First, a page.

The object of this series of text-books is to provide concise teachable histories of art for class-room use in schools and colleges. The limited time given to the study of art in the average educational institution has not only dictated the condensed style of the volumes, but has limited their scope of matter to the general features of art history. Archæological discussions on special subjects and æsthetic theories have been avoided. The main facts of history as settled by the best authorities are given. If the reader choose to enter into particulars the bibliography cited at the head of each chapter will be found helpful. Illustrations have been introduced as sight-help to the text, and, to avoid repetition, abbreviations have been used wherever practicable. The enumeration of the principal extant works of an artist, school, or period, and where they may be found, which follows each chapter, may be serviceable not only as a summary of individual or school achievement, but for reference by travelling students in Europe.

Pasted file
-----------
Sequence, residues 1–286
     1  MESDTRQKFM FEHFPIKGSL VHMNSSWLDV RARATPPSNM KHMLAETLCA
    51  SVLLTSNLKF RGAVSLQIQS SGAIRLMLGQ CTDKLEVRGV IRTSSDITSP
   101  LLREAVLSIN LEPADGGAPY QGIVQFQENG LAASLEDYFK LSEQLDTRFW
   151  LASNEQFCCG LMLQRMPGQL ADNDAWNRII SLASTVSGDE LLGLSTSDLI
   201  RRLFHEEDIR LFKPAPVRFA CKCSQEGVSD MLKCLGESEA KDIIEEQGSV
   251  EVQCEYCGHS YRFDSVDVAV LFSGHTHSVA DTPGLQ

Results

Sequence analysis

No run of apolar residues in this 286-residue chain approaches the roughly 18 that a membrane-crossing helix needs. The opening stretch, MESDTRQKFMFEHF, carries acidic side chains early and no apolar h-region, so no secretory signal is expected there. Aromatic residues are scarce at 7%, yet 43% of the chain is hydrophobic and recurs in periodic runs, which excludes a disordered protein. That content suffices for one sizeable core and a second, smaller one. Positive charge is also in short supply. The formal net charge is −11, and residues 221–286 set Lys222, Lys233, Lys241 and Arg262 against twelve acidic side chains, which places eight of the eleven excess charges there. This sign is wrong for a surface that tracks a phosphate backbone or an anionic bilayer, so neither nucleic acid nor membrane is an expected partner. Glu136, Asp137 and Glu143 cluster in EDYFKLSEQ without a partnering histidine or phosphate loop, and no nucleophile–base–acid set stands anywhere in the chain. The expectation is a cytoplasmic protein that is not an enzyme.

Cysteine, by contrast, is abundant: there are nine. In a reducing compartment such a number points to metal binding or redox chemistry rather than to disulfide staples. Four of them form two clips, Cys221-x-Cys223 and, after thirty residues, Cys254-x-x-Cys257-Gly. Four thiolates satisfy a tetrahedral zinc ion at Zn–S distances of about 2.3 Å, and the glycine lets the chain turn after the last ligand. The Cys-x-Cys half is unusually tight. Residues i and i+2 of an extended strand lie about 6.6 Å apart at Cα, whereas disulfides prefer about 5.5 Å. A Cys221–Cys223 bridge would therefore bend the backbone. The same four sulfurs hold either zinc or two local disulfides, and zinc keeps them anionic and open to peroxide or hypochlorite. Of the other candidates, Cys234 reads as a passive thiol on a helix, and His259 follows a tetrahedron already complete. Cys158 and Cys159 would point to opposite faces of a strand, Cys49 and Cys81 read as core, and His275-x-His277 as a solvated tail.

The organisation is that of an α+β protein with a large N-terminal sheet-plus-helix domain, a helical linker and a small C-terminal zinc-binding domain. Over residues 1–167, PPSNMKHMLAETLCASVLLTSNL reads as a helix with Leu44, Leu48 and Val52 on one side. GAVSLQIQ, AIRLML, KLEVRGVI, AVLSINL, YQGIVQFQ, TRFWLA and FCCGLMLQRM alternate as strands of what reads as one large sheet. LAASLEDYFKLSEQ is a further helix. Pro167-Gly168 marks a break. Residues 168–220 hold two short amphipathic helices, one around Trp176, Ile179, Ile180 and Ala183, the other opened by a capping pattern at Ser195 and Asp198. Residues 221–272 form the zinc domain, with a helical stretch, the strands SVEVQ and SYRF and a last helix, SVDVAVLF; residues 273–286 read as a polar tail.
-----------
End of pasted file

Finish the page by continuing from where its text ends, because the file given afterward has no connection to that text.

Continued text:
This volume on painting, the first of the series, omits mention of such work in Arabic, Indian, Chinese, and Persian art as may come properly under the head of Ornament—a[viii] subject proposed for separate treatment hereafter. In treating of individual painters it has been thought best to give a short critical estimate of the man and his rank among the painters of his time rather than the detailed facts of his life. Students who wish accounts of the lives of the painters should use Vasari, Larousse, and the Encyclopædia Britannica in connection with this text-book.
Acknowledgments are made to the respective publishers of Woltmann and Woermann's History of Painting, and the fine series of art histories by Perrot and Chipiez, for permission to reproduce some few illustrations from these publications.